The year 2018 saw the indictment, conviction and sentences of plenty of organized labor scams. New York City played host to some of the largest. For sheer magnitude, nothing anywhere could match the network of union fraud surrounding the construction of Hudson Yards, a large-scale, mixed-use development on Manhattan’s West Side. Set for completion in 2024, the project from the start has been a source of easy money for labor organizations affiliated with the Building and Construction Trades Council of Greater New York. The general contractor, Related Companies, having reached the limits of frustration, filed suit last March with the State Supreme Court against the council and its president for promoting or allowing illegal practices that allegedly have added over $100 million to the total project cost.
Long after North Carolina and dozens of businesses and organizations resolved a conflict over a policy to allow so-called “transgenders” (regardless of their genitalia) to use the public/business restroom of their choosing, Netflix is trying to stir up trouble again.
Pate, who lives in Wilmington, NC after 25 years in Hollywood, had his hometown in mind for location shooting. “OBX” is shorthand for “Outer Banks,” the barrier islands that stretch nearly the entire coast of North Carolina.
Rashida Tlaib isn’t a typical House of Representatives freshman. That may be why so many of her party colleagues are giving her tacit approval in the wake of her video broadside last Thursday against President Donald Trump. Rep. Tlaib, D-Mich., a Muslim born of Palestinian immigrant parents, having taken an oath of office only hours earlier, called for Trump’s impeachment in highly vulgar and inflammatory language. Party elders, including House Speaker Nancy Pelosi, offered a rebuke to her statement. But their words seemed more motivated by strategy than by principle. And a likely major explanation for this tacit approval is that Democrats are giving a free pass to Muslims in their nonstop celebration of “diversity.” It’s an attitude that endangers national security as well as coarsens debate.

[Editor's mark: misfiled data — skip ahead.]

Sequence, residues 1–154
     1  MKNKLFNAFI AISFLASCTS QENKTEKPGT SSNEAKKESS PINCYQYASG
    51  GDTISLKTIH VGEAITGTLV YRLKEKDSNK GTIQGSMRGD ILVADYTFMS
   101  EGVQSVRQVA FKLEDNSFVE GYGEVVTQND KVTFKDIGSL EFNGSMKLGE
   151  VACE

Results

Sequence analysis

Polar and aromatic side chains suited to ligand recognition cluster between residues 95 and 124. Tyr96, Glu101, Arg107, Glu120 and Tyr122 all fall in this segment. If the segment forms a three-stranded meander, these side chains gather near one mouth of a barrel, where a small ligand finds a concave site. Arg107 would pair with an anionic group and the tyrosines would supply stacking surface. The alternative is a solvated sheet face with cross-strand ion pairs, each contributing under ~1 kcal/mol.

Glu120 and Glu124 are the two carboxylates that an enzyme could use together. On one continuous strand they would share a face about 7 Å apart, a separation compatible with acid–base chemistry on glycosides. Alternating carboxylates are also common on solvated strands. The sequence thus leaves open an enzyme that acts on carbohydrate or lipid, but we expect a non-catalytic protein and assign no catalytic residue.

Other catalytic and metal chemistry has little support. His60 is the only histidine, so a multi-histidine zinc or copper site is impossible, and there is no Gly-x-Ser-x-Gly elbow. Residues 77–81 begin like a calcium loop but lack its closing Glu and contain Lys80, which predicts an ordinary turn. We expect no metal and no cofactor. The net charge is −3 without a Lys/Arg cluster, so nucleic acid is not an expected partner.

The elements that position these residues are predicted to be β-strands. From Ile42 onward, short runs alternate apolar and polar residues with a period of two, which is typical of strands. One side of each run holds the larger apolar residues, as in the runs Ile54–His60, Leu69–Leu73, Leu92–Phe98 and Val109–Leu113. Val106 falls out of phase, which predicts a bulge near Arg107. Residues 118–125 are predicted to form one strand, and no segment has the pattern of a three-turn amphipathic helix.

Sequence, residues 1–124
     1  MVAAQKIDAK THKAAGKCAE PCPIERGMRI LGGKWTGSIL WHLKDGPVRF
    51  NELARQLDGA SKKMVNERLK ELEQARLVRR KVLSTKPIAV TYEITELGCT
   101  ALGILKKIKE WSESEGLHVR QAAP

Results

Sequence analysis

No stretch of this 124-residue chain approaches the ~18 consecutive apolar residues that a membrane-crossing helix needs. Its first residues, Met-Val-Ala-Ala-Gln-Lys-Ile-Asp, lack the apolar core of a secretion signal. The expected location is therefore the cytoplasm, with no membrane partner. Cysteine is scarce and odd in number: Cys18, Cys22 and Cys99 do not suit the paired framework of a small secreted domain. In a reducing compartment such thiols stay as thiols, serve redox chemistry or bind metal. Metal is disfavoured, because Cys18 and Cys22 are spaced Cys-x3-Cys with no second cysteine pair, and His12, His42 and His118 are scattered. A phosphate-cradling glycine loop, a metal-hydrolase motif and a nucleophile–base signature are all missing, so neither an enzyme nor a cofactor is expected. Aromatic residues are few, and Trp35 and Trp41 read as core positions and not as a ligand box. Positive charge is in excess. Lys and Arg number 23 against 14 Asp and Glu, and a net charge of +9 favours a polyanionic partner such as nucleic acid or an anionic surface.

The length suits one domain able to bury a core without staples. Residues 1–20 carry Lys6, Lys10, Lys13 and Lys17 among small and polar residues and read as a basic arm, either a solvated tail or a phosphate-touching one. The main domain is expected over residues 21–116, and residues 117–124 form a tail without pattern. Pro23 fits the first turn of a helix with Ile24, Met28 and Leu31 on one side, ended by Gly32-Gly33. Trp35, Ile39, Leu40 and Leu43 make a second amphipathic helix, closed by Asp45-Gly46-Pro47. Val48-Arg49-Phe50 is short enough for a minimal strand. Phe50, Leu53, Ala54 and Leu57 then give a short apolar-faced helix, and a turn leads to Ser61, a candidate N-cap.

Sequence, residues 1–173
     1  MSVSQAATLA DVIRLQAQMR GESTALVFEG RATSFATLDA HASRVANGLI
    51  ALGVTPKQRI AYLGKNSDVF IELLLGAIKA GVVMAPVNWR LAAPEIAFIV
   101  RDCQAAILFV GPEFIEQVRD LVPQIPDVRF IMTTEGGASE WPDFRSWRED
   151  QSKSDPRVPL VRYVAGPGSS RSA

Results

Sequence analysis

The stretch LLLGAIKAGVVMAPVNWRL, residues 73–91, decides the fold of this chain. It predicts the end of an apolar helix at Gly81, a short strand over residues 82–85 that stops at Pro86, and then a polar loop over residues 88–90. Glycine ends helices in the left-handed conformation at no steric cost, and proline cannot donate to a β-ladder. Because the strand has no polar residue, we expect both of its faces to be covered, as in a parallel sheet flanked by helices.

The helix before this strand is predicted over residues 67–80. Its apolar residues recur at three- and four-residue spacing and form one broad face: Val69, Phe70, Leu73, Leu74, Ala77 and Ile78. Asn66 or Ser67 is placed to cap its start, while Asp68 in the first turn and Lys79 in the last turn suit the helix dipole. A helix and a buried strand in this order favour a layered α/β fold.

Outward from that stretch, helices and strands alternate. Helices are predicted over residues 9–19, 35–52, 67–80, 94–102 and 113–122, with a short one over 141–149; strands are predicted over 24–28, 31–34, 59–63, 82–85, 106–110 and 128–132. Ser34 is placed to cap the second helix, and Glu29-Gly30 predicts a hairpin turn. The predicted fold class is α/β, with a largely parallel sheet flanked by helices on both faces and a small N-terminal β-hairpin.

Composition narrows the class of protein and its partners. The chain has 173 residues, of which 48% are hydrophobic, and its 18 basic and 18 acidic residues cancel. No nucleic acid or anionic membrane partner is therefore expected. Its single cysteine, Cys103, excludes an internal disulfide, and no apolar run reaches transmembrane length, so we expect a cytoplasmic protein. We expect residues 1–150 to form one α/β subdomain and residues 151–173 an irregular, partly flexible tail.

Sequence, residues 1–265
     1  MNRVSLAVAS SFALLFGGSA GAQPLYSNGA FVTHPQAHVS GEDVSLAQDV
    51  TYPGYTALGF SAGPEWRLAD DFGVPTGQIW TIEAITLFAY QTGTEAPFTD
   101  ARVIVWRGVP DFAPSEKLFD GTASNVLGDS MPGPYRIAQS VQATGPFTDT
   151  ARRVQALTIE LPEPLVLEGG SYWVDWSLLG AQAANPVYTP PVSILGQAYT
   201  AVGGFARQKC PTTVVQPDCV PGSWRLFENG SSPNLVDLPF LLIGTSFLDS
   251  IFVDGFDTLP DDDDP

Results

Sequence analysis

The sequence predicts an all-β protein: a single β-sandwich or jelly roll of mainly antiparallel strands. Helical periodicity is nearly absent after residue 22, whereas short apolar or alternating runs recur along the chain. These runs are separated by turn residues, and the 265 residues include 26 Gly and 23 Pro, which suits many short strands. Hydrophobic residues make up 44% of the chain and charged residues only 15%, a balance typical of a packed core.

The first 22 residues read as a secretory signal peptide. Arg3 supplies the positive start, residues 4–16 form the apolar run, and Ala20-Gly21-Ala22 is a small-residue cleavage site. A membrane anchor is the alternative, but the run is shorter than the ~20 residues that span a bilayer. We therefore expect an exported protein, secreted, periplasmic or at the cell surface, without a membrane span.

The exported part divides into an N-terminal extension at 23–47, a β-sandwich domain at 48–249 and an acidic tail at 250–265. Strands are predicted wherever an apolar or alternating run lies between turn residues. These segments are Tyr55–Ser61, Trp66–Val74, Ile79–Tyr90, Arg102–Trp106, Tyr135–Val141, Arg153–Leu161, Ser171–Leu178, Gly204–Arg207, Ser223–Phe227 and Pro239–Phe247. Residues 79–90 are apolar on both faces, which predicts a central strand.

What is it about Silicon Valley corporations that make them want to pander to the sensitivities of oppressive dictatorships?
The answer, of course, is earnings, share price and the almighty dollar. But the recent example in which television-streaming service Netflix yanked a program critical of the oppressive Saudi Arabia regime is extreme cowardice, even for the most conflict-averse corporation.